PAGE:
Starring Owen Wilson, Christela Alonzo, Nathan Fillion, Larry the Cable Guy, Armie Hammer, Chris Cooper, Bonnie Hunt, Tony Shalhoub, Ray Magliozzi, Paul Newman (archive recordings)
3 STARS (out of 5)
Cars has always been the black sheep of the Pixar line-up. While Brave and The Good Dinosaur may have its dedicated fans amongst the naysayers, the Cars franchise has, over the years, become something of a punchline. Granted, it is arguably one of Pixar’s most financially successful lines of all time – thanks to a seemingly never-ending toy line that hasn’t aged over three movies – but the jury has always been out on the quality of this franchise when it comes to the actual stories that are being told. The original Cars, over ten years ago now, was a novelty the first time around and, while it hit all of the hallmark Pixar moments and nuances, it struggled to worm its way into our hearts the same way Toy Story, Wall-E or Ratatouille did. Cars 2 was even less well-received – offering a confusing spy plot that ushered comic sidekick Mater (Larry the Cable Guy) into the lead, this movie saw the unthinkable occur – a less than glowing consensus on a Pixar release.
Cars 3, therefore, was met with some derision upon its announcement – and while the kids of 2005 will have likely grown up and moved on from Lightning McQueen’s original escapades, it seems the studio were still keen to try and usher in these characters and themes into the hearts of a new set of young viewers. Pixar movies, certainly, make brilliant family viewing – but the Cars franchise has always been nodding towards the young male demographic the most. The more cynical amongst us would complain that Cars 3 is coming around as a result of the studio squeezing the final few dollars they can out of the merchandise – and as I am set to review this movie, I hardly feel that part of discussion is relevant at this moment in time.
Cars 3, then – the movie that many thought would swerve about attempting to rekindle its cool from a decade back – actually does quite well. Lightning McQueen (Wilson) is now finding himself up against some stiff competition in new blood on the racing circuit – particularly in the form of Jackson Storm (Hammer). McQueen is a multi-time champion – and yet he is finding himself struggling to cope with new techniques and new technology – as he is forced to go back to the drawing board and to team up with a trainer, Cruz Ramirez (Alonzo) in an effort to get himself back on track. Only – along the way, things seem to take a bit of an unexpected turn.
I will say this first and foremost – though nowhere near the scale of Pixar’s best, the plotline for Cars 3 is surprisingly captivating. Unlike Cars 2, we are solely focused on McQueen – there are things genuinely at stake, and the story has moved things along in time very nicely indeed. There are plenty of nice nods to the character of Doc Hudson, who has passed away in-universe – just as the legendary actor who voiced him, Paul Newman, had since the first Cars hit our screens. Characters such as Mater who outstayed their welcome at the front of the pack in the previous movie now offer sideline relief – which is absolutely where they should have been. If anything, Cars 3 feels as if it is the movie that Cars 2 should have been – almost to the point where it feels it is making up for lost time.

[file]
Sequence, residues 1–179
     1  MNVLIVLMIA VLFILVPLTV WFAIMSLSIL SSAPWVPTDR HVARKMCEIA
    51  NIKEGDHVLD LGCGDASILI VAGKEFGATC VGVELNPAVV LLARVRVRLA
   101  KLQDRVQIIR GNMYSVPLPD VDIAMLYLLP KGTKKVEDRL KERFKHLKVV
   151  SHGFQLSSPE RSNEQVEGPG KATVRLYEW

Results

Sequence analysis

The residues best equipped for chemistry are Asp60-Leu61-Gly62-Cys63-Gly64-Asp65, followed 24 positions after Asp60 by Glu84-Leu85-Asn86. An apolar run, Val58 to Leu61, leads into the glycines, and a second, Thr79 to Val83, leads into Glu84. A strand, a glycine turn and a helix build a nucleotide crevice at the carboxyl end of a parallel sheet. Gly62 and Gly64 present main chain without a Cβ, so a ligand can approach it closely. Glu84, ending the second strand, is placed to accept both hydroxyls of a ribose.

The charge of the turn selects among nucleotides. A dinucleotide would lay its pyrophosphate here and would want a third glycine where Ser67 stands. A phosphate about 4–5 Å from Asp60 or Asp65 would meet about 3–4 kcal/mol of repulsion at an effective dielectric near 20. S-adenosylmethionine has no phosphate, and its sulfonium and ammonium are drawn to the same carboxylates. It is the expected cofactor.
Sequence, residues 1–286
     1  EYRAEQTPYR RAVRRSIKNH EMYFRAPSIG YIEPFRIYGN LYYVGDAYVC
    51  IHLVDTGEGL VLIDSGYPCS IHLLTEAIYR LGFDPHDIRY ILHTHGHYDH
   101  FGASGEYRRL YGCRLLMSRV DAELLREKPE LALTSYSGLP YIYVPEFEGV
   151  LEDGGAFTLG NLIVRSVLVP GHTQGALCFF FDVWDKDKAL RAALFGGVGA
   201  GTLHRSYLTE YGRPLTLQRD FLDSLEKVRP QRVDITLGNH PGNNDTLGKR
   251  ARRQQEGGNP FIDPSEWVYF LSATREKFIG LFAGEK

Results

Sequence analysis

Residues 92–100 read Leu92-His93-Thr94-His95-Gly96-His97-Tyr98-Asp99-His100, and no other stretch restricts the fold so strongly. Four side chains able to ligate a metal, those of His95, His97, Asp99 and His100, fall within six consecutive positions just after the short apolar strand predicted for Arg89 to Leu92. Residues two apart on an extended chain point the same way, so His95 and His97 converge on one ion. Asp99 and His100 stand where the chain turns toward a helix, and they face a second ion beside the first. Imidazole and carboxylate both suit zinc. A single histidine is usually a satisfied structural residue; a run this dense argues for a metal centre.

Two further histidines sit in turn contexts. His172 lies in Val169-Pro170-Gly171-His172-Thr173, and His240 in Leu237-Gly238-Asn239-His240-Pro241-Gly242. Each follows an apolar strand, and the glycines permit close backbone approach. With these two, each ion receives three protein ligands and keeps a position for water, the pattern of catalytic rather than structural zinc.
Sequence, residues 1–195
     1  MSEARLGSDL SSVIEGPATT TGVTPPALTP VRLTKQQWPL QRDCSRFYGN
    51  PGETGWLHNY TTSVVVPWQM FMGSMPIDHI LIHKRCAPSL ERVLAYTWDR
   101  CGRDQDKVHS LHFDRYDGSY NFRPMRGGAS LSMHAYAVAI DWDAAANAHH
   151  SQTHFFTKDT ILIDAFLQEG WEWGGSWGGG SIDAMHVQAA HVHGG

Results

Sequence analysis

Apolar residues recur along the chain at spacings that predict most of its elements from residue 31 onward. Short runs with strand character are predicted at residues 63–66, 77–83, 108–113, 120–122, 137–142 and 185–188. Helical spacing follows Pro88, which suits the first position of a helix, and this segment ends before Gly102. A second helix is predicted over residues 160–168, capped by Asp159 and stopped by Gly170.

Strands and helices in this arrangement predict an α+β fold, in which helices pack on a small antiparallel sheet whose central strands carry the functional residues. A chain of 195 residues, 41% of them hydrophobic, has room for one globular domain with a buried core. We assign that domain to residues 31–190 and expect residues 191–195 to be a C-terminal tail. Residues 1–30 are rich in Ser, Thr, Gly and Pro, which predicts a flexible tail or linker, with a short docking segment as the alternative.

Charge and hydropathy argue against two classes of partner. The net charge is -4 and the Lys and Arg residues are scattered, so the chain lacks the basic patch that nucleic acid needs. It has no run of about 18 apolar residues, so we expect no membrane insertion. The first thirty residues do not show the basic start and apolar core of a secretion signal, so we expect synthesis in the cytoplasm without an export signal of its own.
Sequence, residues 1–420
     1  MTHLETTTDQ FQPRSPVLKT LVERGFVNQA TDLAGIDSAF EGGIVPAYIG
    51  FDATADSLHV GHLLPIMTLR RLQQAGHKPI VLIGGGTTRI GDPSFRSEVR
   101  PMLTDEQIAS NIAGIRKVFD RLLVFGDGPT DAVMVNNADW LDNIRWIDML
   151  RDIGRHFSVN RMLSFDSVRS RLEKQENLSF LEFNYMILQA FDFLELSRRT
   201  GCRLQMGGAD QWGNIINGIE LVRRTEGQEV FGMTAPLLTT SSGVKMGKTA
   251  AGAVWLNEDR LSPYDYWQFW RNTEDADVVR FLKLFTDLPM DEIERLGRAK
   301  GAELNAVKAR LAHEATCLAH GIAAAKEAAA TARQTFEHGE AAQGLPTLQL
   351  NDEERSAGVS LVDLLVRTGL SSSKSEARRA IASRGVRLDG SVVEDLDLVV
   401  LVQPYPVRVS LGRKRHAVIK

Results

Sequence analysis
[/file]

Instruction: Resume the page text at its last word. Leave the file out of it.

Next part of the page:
Cars 3 - Official Trailer (Disney / Pixar)
The main problem with Cars 3 is – no matter how much they do with the plot – and no matter how spectacular the racing action is (and believe me, this will have younger viewers gripped if they’re Cars crazy), the universe in which these characters preside just isn’t as interesting as those of, say, The Incredibles – or Mike and Sully, or the Inside Out crew – and while the movies have always benefited from a capable cast, the series really does continue to rely upon gimmicky situations and cheeky nods to our world. Taking this into account, however, Cars 3 does an incredible amount with the world we’re returning to – and it does a very good job of making sure we care about its central leads. I dare say that it swerves around one or two tropes – and the ending, and the lead up to it, was a very pleasant string of surprises that seem to suggest Cars 4 may come around some day.
All things considered, as family movies go, Cars 3 is good fun. There’s plenty of action, the comedy is well-timed and nowhere near as infuriating as the second instalment would have you bear witness, and there’s a story that is – horror of horrors – well-told. Its let-down is, sadly, that it is part of a run of movies and characters that just aren’t up to the Pixar standard. Pixar have shown that they can do sequels incredibly well – Finding Dory was one of my picks for 2016 overall – and while this instalment does glide in seamlessly with the other movies, it still doesn’t fill that hole that the original Cars left empty – and that Cars 2 filled with disappointment.
Therefore – fear not. Cars 3 is not the pile-up many people were expecting, nor is it the masterpiece that others were hoping for. It’s an entertaining family film that kids will love and at least returns the series back to its heart – now let us never speak of Cars 2 again….